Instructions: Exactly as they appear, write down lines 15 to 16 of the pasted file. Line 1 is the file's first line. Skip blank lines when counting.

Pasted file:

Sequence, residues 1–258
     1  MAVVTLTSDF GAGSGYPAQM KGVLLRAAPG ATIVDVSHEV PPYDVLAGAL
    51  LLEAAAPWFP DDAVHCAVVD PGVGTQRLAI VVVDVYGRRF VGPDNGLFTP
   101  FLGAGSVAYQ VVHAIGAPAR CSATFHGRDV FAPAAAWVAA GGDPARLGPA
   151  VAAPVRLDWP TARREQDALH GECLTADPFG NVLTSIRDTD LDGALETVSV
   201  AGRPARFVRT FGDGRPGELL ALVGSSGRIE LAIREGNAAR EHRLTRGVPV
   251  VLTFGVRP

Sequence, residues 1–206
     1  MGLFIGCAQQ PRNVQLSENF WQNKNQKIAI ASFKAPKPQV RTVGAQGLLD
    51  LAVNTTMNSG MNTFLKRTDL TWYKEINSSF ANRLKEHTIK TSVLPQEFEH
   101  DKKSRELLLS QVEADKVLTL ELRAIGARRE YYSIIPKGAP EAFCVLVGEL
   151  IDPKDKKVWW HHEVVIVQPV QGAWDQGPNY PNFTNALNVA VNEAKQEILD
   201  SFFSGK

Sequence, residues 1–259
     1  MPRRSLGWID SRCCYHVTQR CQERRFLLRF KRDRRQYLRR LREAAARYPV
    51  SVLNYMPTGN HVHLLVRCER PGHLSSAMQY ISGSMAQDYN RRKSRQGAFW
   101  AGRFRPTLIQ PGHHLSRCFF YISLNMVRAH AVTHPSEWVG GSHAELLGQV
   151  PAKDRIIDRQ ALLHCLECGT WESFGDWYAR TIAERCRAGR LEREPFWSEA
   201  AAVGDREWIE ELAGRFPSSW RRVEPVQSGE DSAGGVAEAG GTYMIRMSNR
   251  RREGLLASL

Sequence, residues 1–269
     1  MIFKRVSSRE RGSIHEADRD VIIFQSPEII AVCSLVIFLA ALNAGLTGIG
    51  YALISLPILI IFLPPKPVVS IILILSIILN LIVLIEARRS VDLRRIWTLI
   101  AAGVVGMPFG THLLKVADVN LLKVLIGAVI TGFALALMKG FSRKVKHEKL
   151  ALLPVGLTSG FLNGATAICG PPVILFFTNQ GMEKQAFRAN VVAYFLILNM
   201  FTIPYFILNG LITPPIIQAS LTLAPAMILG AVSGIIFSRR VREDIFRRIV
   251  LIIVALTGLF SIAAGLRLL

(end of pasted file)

     1  MPRRSLGWID SRCCYHVTQR CQERRFLLRF KRDRRQYLRR LREAAARYPV
    51  SVLNYMPTGN HVHLLVRCER PGHLSSAMQY ISGSMAQDYN RRKSRQGAFW